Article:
Wall Street Journal Highlights Portman’s Return to Work Incentive Proposal to Invigorate U.S. Economy

May 26, 2020 | Portman Difference

Yesterday, the Wall Street Journal highlighted Senator Portman’s proposal to boost the U.S. economy and incentivize individuals to return to work as we begin to reopen safely. Portman believes it is critical that we have a workforce that's ready to step into their old jobs or newly available jobs as the economy reopens. He believes this provision should be a part of the next coronavirus response stimulus legislation considered in the Senate. The Wall Street Journal article states:  

“Senate Republicans are examining offering cash incentives for unemployed Americans returning to work, looking for an alternative to the extension of enhanced jobless benefits supported by Democrats… 

“One idea is a proposal from Sen. Rob Portman (R., Ohio) to provide a temporary $450-a-week bonus for unemployed workers returning to work, on top of their wages. 

“Mr. Portman says his proposal is good for employees ‘because they can go back to work, go back to their health care and go back to their retirement savings, and yet get a nice, nice bonus for doing so.’ The proposal also saves taxpayers money and ‘saves small businesses from going out of business because they can get workers.’” 

Portman believes that a return-to-work bonus for individuals reentering the workplace would better help get the American economy running again. Portman’s proposal provides $450 a week for individuals returning to work, meaning they’d receive their wages plus this $450 bonus through July 31st. Portman believes this proposal would ensure that there are as few situations as possible where staying on unemployment is more lucrative than returning to work. The Wall Street Journal article highlighted his proposal:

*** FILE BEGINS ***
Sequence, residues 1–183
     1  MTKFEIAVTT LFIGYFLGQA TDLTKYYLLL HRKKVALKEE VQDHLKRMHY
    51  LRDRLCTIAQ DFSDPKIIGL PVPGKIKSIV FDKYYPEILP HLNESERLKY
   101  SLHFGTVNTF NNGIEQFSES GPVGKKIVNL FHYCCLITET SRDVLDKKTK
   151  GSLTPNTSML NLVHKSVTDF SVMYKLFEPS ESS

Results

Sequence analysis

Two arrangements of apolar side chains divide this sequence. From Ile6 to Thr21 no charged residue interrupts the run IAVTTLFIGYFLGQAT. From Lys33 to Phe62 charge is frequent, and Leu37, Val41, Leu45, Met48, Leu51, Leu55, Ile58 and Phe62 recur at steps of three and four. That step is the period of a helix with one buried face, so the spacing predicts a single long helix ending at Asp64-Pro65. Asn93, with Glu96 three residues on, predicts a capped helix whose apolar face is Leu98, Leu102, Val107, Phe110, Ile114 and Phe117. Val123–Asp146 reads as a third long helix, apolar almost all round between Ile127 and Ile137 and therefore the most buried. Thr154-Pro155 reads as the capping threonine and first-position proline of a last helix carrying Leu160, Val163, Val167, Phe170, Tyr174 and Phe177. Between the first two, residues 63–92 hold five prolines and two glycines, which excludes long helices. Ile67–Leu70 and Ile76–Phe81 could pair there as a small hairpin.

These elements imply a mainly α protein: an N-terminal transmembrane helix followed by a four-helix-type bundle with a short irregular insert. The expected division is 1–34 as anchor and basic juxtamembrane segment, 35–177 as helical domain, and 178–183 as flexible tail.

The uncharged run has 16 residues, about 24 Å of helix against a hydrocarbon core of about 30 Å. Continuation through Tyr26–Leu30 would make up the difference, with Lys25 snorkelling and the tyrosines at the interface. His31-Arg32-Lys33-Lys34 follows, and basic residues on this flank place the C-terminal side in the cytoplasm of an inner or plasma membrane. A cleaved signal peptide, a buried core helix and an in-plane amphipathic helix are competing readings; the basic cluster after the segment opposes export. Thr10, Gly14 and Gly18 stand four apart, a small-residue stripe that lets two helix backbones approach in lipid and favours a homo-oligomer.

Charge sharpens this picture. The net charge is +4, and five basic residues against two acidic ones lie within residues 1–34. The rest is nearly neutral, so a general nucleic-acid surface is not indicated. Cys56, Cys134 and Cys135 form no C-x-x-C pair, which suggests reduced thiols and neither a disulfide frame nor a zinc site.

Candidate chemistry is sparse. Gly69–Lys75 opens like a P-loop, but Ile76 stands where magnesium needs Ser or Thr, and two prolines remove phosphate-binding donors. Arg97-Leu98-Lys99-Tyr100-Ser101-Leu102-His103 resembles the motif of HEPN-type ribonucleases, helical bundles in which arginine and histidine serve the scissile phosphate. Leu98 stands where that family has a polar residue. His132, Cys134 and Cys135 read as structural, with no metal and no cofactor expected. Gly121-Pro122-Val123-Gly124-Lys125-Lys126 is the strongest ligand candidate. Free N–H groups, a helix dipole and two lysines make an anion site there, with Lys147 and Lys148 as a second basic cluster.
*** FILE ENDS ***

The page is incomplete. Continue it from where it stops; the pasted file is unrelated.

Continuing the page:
“The plan is still being finalized, in part to work out the best mechanism for delivering the aid to workers. In its current formulation, the proposal would give $450 a week to laid-off workers to go back to work through July 31, the same date on which the extra $600 a week in unemployment benefits expires. The idea would also help states save money by potentially reducing their expenditures on unemployment benefits. 

“Mr. Portman’s office settled on the amount by surveying benefits and wages in each state to come up with an average amount by which most people would be better off working than staying at home. The federal minimum wage is $7.25 an hour, meaning that a minimum-wage worker in states without a higher minimum, or floor, makes roughly $290 a week. The $450 payment each week on top of that base amount was designed with such low-wage workers in mind, in order to leave such employees better off than by taking $600 a week to stay home.” 

According to recent research from the American Action Forum and from the University of Chicago, between 60-70 percent of individuals currently on unemployment are making more than they did in their prior job thanks to this federal supplement. Furthermore, the bottom 20 percent of wage earners are making, on average, double what they made in the workforce through this UI program. Portman is hopeful that, as the House and Senate work together on the next legislative package, they can focus on stimulating the economy and incentivizing people to get back to work.